Same mechanical result, stops rounds feeding from the magazine, but for a different reason than the military cutoff. On the shotgun, it cuts off the feed, so that the shooter can unload the chamber and reload it with a different shell, without having to work the action to empty the magazine, THEN be able to put a different size shot round into the chamber. Rather a slick idea, actually. Say you've got the magazine full of #6 for ducks and a goose shows up and you want #2, you can hit the cutoff, then swap out the chambered #6 shell easily. Also the gun absolutely WILL fire the chambered round with the cutoff ON (activated)

Magazine disconnects are different. They "disconnect" the firing mechanism so the gun will not fire unless the magazine (body) is in the proper place.

Big difference.

(The 1st and 2 variations of the Colt M1903 did not have mag disconnects. The later variations did have them.)
I thought this was incorrect, and had to do some digging and in the process learned some things I had not previously known. It is correct. The Colt pocket .25 (not the Browning design) and both the .32 and .380 pocket guns did get magazine disconnectors, starting about 1926. Guns made before then don't have them guns made after do. Production of all those guns ended in 1941 with WWII. After the war, Colt did not resume production of those guns and nothing else Colt made had a magazine disconnect.

It instantly reminds the soldier, by not firing, that the gun needs a mag in it to be useful.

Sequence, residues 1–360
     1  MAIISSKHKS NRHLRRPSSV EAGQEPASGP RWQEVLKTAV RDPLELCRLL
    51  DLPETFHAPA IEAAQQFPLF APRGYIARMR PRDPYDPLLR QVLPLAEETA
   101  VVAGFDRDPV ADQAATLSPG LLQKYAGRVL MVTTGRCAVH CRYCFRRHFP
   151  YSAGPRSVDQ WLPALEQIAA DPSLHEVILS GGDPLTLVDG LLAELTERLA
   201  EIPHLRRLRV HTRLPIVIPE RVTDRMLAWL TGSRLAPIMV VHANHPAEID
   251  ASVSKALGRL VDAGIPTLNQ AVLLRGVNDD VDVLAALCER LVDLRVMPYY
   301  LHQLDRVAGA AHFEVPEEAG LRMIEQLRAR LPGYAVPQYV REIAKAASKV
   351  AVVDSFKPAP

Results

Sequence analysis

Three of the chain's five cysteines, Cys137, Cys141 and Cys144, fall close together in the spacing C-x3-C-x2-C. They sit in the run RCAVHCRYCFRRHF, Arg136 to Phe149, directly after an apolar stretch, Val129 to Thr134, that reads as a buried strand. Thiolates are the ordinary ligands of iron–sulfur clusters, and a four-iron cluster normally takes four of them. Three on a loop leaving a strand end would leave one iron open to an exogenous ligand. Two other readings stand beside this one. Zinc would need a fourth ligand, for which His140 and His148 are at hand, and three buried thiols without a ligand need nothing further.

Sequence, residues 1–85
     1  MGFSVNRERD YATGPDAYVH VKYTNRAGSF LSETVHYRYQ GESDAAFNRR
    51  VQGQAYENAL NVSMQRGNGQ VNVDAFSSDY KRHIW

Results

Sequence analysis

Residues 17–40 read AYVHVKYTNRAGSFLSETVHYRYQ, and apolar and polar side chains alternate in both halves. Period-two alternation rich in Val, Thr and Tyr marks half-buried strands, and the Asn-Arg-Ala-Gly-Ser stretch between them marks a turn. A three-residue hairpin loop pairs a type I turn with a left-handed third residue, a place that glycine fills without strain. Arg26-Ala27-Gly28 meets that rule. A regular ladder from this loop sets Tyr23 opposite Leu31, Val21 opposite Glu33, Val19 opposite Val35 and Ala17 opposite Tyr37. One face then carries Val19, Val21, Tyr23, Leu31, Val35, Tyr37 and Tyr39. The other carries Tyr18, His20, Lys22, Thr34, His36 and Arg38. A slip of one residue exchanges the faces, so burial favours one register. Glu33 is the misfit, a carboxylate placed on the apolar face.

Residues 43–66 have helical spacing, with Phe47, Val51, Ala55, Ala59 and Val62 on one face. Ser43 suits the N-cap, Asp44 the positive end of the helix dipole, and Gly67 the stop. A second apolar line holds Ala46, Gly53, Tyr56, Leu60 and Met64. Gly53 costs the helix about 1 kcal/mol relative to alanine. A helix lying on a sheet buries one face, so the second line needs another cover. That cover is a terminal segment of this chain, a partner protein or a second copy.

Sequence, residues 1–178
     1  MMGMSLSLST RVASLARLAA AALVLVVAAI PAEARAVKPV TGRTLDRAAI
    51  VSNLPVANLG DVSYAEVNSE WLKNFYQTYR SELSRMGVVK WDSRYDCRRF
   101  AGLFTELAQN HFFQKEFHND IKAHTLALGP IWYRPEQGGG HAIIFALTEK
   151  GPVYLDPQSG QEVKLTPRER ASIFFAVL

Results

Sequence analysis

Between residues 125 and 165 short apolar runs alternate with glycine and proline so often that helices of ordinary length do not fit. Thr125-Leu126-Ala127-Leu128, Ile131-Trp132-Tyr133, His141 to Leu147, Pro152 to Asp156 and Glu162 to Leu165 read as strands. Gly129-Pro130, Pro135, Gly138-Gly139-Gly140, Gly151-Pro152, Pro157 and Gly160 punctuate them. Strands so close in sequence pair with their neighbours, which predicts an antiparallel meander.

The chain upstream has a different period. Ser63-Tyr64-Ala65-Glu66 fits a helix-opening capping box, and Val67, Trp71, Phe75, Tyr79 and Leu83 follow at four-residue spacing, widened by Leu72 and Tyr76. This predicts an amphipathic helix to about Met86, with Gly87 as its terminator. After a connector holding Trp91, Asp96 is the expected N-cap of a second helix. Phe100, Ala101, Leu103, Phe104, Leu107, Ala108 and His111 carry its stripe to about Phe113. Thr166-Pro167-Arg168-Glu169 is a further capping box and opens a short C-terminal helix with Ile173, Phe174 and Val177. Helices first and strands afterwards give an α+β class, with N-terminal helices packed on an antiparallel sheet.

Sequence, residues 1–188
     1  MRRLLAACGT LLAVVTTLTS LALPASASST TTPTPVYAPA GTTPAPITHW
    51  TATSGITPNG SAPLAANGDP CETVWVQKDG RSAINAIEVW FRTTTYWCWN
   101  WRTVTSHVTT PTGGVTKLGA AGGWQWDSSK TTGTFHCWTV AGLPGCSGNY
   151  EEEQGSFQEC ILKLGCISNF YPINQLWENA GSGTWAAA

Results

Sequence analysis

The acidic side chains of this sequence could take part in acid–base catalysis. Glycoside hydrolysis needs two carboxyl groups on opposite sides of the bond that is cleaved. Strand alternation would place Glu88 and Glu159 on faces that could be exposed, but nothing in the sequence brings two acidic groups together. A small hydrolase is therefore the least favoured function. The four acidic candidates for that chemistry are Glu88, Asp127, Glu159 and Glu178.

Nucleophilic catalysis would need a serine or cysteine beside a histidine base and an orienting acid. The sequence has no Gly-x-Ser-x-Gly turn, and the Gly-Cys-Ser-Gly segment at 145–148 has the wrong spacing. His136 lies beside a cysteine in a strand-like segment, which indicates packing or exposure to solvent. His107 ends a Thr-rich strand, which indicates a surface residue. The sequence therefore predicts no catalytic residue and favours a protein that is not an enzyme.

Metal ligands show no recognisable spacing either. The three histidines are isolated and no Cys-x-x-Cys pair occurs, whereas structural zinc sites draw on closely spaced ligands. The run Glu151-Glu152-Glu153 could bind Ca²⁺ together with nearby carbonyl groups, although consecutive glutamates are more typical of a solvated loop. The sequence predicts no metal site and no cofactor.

Partially disagree. All not firing "reminds" the soldier of is that the gun didn't fire. The why, he has to figure out on his own, and that is a training issue.

In the real world one could as easily eject a mag from a pistol without a disconnect as from one with it.
This is not 100% accurate. It depends on the guns. The Browning High Powers I've had have a degree of drag on the magazine from the disconnect. A fully loaded mag would usually fall free. A partially loaded mag would not always fall free of the frame, and empty mags almost never did, just popping down a little bit and being retained in the grip frame due to the drag from the disconnect on them. A Coit 1911A1 by contrast (no mag disconnect) you hit the button (slide closed) the magazine "jumps" out. Slide open it falls free. (and if it doesn't its defective )

And Please, do not use the internet slogan "The best safety is the one between your ears".
Why not? Not only is it true, it's basic firearm safety, and has been taught for at least century or two before there was an Internet. The fact that some people don't use that between the ears safety well enough or often enough does not invalidate the idea, and in fact emphasizes why we should keep teaching and repeating it!